We spent a few days at the ocean, stayed in a new place, in a town we had only ever driven past. It was our first “family” trip together, without him.
The Central California road we traveled on for miles, was the lonely color of lifeless dirt. A stranded feeling of hopelessness persisted that we all wondered at, and joked uncomfortably about. How is it that we are born into and live our own unique lives on this planet? How are we so lucky and unlucky?
My eyes leaked the whole way because you’re not driving us. I’m thankful for the son that’s driving, thankful that you and me and God agreed to invite this human into our lives.Thankful for his personality and his willingness to drive. Thankful we are all together traveling. And still tears flow uncontrollably.
It’s so challenging to find the words to describe the feeling of you missing. It’s a big word I look for, more immense than the universe. Is there a word for that kind of emptiness ? I think it’s a supernova or a neutron star or a black hole or a shattered heart.
This was my grand idea. With the overwhelming grief and sadness that is surrounding me, has settled into our home, is reflected in my eyes, I thought it would be really good for the kids and I to do something fun together. To somehow try to feel happy together, and make some happy memories.
We stopped at a grocery store on the way, following google maps, seeking familiarity. Wandering around the aisles we felt you there and felt your absence. Grieving in the check out line, I remembered us all crowding around you, the kids always feeling the gift of togetherness, Dad buying yummy snacks and being loved. Trader Joe’s, our favorite, held its own special heartbreak.
As soon as we arrived we walked to the beach. The fog was so dense we could barely see where the ocean touched the shore. It was a strange blurry welcome. A treasure was waiting in the sand, a pair of angel wings. The only shells we happened upon that day.
We ate clam chowder and drank your wine and watched a movie that we had watched with you not long ago. Romance, tragedy, death and love, “Return to Me”. Then Seinfeld, a show we watched as newlyweds and I shared new/old connections with our kids. Completely exhausted I lay down in our bed and all of me longed for all of you. Instead of sleep, countless unsummoned memories of vacations past invited themselves in. Secondary grief is the term for this type of agony, losing the places we will never visit again. I try to will it all to stop, plead with the sandman to rescue me from this tormenting ocean of memories, but it goes on most of the night.
We met a sweet friend, a young man who worked on our home 10 years ago. I mothered him in the moments we had together, because my heart hurt for him in the grief he was enduring back then. He shared that he’d never forget that care. His gratitude was unexpected, I didn’t realize what it had meant to him. He was so kind and generous, with his heart and time, showing us the town and treating us like family.
We shared delicious meals, wine tasting, scenic drives and time at the beach, while I missed you every single second. It was both beautiful and exhausting.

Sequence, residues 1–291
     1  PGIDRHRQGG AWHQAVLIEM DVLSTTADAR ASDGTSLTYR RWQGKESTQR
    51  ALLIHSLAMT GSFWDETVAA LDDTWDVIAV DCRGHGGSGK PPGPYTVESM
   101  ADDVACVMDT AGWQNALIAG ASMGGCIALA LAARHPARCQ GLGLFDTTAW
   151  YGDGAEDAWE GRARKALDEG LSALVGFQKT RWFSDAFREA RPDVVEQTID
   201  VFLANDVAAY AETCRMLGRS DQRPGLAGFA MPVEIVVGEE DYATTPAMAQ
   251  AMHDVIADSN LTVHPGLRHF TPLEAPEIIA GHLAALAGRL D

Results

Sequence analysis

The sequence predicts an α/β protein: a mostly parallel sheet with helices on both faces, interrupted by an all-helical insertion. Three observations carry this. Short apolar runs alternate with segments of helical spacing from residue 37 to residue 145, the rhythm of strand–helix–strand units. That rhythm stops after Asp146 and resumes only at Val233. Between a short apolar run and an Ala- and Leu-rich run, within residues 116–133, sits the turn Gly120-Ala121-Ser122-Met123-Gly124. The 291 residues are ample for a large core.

I asked him about surfing, and he told me of his experience learning as an adult, struggling to swim, using up too much energy, and the exhaustion of being out in the powerful ocean. He described the feeling of being under waves that seemed unending, holding his breath longer than he had thought possible, being trapped under enormous waves, catching his breath only to be knocked down again. I listened, feeling as if he were describing my past 16 months.
He said you have to learn to relax, to conserve energy, to float out on the water without using all your strength, to stay calm when you’re being held under, to trust you’d come back up to the top. He said it took a long time to learn.
Such wisdom. I received it as a gift.
He took us to the best authentic Italian restaurant. Our kids were delighted. I looked over the menu, but with every pass the words became more blurry as the fog in my mind settled in my vision. You’re not here to share with. Not here to discuss the menu with. Not here to tell stories. Not here to remember with. Not here to toast or enjoy the meal. I looked up at all the beautiful eyes, listened to their smiling voices, and it was all I could do to keep from crying.
Me, trying to participate in my grand idea of making happy memories, found myself tearfully heartbroken over authentic Italian pizza, while being truly blessed to watch our children and friends enjoy themselves. I think I learned, making memories together is the gift. Just being together, giving the gift of ourselves, our hearts, our souls, authentically, with tears and smiles is the gift. Happy isn’t always possible, but togetherness is.
We walked on the beach and I watched the Jade colored waves turn into wild white lace, listened to the angry and the beautiful. Every one different, every one the same. Over and over, like a story that never gets old, they stretched to touch my footsteps. Receding in what seemed a majestic bow, a gift was laid at my feet, a sand dollar.
How curious- Me, a tiny human, receiving a gift from the depths of the vast ocean.
“So you have a gift for me then? You so like my grief. You know these are as precious as diamonds and pearls to my heart.” The ocean, God and my husband seemed to be smiling at their little surprise.
I continued walking on the shoreline, every wave that touched me, presenting a gift. I collected dozens and dozens of sand dollars and Angel wings. And I was lost for a little while in the receiving of unexplainable, mysterious gifts.